Is the Green Building Component of the Future…Rice Straw?
by Christopher Bloom
Could the hip, new green building component be rice straw? We know what some of you are wondering: Um, what is rice straw, anyway?
Rice straw is the remaining stalk left over from the rice plant after it’s been harvested. Until recently, it had no value – it’s so low in nutrients that it can’t be repurposed as feedstock – and disposing of it created headaches for farmers. The easiest way to clear a rice field had been to set it ablaze, but the smoke generated by burning rice stalks creates air pollution. California, the state with the most rice fields in the nation, effectively banned rice straw burning via the Connelly-Areias-Chandler Rice Straw Burning Reduction Act of 1991.
But even that practice could soon disappear, because it turns out that you can do something with rice straw after all. According to a new article in Architect Magazine, the official journal of the American Institute of Architects, a new, green medium-density fiberboard (MDF) is on the way, and yes, it’s made from rice straw. The new MDF product will source most of its straw from farms less than 25 miles away, which means less fuel consumed transporting the raw materials from farm to factory. Since it’s made from a straw, it’s renewable, and the adhesive being used will be free of formaldehyde, which is a known respiratory irritant and carcinogen. (You can read some of NCHH’s past blogs on formaldehyde here and here.)
As an added bonus, fiberboard made from rice straw also reduces methane emissions, though perhaps not in the way you’d expect. You see, the other way that farmers get rid of their rice straw is to flood their fields after they’ve harvested the rice. Not only does this practice waste a cringeworthy amount of water – itself a valuable commodity – but the decomposition process releases methane into the atmosphere. Methane absorbs the sun’s heat, which in turn warms the atmosphere (hence the term greenhouse gas).
Sarah Robinson-Enaharo is a product sustainability manager for one of the world’s largest flooring manufacturers, as well as a director on NCHH’s board; one of her concerns is to consider ways to repurpose byproducts and previously used materials. “Developing healthy living spaces is a major challenge facing humanity today. With a growing population estimated to be nine billion by 2050, we have to consider how we use all resources,” she cautions. “With that said, it’s exciting to see the growth of circularity in the construction industry. Transitioning from a linear economy to a circular one takes innovation, ingenuity, and collaboration. It’s a different mindset, a different business model, and it does not happen overnight. It takes an investment of time, money, and resources. This facility took vision, an investment of $315 million, and 20 years to come to fruition. With market demand continuing to push manufacturers to design healthier options, this company is an exemplar of how we can redesign our future.”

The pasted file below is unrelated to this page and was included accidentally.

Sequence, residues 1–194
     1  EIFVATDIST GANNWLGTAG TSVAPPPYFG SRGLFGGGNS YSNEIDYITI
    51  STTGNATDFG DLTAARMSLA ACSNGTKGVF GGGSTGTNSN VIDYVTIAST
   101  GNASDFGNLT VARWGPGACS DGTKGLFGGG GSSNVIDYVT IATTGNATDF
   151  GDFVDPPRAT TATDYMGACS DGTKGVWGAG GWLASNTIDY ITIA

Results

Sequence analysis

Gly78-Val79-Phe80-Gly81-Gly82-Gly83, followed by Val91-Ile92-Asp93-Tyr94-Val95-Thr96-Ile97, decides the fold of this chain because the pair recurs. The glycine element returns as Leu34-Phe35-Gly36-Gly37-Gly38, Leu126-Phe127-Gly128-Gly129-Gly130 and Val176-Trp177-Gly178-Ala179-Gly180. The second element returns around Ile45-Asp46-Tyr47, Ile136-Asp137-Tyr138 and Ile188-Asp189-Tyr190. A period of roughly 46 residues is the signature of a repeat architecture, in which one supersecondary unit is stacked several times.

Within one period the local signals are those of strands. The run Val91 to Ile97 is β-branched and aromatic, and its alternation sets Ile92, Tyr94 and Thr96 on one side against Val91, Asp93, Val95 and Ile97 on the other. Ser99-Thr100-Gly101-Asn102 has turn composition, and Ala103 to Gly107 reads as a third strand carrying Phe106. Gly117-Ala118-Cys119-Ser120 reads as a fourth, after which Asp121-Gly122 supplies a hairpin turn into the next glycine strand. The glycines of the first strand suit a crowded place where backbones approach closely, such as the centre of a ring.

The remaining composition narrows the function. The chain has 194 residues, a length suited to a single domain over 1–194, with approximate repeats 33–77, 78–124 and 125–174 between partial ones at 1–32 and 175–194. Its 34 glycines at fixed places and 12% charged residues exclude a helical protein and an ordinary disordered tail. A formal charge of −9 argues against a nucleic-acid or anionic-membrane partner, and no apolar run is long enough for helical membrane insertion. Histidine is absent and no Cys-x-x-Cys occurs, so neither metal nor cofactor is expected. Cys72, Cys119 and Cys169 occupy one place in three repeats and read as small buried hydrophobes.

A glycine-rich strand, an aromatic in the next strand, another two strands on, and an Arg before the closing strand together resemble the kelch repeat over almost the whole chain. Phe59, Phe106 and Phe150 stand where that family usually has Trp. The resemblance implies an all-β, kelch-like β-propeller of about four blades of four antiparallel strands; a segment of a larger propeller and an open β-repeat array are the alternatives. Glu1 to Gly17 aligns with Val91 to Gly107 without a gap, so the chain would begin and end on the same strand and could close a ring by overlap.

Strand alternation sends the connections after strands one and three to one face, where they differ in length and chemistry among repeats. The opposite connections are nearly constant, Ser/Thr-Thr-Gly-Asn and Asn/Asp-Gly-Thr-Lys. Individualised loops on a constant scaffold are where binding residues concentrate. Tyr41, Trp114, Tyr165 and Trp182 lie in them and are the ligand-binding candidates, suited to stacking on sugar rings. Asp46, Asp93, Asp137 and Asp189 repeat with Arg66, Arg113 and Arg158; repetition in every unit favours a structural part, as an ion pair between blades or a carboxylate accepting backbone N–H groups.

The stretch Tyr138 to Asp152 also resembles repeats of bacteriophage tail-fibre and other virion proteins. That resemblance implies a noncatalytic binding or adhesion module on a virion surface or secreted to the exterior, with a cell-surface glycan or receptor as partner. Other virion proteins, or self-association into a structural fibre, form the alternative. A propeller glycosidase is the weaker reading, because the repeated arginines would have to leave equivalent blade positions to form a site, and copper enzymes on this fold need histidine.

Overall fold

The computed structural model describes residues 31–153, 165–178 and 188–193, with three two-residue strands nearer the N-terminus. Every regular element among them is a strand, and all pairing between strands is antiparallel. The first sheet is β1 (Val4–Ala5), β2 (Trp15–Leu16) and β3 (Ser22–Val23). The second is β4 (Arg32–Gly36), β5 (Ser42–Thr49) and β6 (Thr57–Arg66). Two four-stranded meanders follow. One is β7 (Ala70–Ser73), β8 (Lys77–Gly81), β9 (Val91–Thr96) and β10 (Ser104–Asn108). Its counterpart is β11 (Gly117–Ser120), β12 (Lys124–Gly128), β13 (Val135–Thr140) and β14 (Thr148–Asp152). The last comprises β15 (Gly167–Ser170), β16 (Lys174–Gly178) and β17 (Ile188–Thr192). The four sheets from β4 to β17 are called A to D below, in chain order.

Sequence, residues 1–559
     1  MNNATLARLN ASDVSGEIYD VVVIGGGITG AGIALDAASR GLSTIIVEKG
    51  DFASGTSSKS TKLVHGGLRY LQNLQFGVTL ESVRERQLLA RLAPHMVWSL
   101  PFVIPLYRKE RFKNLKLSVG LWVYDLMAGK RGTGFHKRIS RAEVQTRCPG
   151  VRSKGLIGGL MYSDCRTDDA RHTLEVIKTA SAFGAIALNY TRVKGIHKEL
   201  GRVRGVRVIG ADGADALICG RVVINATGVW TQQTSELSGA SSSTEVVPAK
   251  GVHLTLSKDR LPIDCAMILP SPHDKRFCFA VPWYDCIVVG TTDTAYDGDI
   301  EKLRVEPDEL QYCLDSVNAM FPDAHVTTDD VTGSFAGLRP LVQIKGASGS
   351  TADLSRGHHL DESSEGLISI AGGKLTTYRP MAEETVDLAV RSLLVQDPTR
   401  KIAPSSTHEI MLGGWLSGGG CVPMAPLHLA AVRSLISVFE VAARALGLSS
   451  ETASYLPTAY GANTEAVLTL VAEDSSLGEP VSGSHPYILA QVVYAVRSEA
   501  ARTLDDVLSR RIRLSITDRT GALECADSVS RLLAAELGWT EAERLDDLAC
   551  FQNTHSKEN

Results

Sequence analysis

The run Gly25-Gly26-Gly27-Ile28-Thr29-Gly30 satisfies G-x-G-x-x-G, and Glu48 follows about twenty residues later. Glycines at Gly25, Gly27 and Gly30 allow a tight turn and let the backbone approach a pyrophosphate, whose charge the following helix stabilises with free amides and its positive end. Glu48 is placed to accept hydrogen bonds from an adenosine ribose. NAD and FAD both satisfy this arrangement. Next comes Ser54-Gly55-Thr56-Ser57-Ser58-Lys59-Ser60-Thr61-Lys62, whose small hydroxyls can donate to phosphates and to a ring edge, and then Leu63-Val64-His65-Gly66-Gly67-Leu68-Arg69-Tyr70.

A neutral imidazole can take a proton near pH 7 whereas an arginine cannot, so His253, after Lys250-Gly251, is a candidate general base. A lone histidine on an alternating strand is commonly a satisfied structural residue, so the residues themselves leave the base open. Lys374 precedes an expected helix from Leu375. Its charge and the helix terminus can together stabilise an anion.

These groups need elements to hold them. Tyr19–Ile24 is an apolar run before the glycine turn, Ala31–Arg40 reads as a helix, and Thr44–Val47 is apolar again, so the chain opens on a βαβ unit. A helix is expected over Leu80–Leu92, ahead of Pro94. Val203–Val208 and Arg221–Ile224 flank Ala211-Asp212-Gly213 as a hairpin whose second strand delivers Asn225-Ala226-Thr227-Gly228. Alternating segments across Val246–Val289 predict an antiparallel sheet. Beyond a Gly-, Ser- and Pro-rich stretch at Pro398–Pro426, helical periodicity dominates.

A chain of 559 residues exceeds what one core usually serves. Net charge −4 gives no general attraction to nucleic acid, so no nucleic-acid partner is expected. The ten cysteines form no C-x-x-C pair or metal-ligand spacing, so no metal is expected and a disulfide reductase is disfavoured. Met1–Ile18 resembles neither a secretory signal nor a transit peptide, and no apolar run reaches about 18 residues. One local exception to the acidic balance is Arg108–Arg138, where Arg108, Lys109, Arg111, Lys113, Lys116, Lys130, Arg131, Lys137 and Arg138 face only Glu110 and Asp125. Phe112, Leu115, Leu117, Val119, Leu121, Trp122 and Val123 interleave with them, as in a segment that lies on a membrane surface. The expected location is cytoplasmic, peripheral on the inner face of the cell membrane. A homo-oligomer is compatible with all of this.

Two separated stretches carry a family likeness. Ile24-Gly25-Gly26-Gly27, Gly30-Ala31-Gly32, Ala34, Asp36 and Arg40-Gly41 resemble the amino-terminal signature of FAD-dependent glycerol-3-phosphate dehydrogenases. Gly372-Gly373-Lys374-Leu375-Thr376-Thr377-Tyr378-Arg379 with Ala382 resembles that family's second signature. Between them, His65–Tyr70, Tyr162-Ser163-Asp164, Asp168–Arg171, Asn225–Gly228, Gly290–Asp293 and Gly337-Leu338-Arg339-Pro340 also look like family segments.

We love that this product has the potential to create another source of revenue for America’s farmers while using less water and creating less methane into the atmosphere – huge ecological wins. In an age where our news stream is inundated with reports of our impending doom as a result of our failure to mitigate the effects of climate change, despite having been being explicitly warned of it for over 30 years, it’s nice to hear that there are new building products on the way that are produced conscientiously.
Read the full Architect Magazine article here.
Christopher Bloom is NCHH’s communications and marketing officer. He joined NCHH in 2008 after nearly a decade in the real estate industry. In a previous role at NCHH, he coordinated a national Renovation, Repair, and Painting (RRP) training program, one of the most successful in the nation. He holds a Bachelor of Arts degree in English Textual Studies from Syracuse University.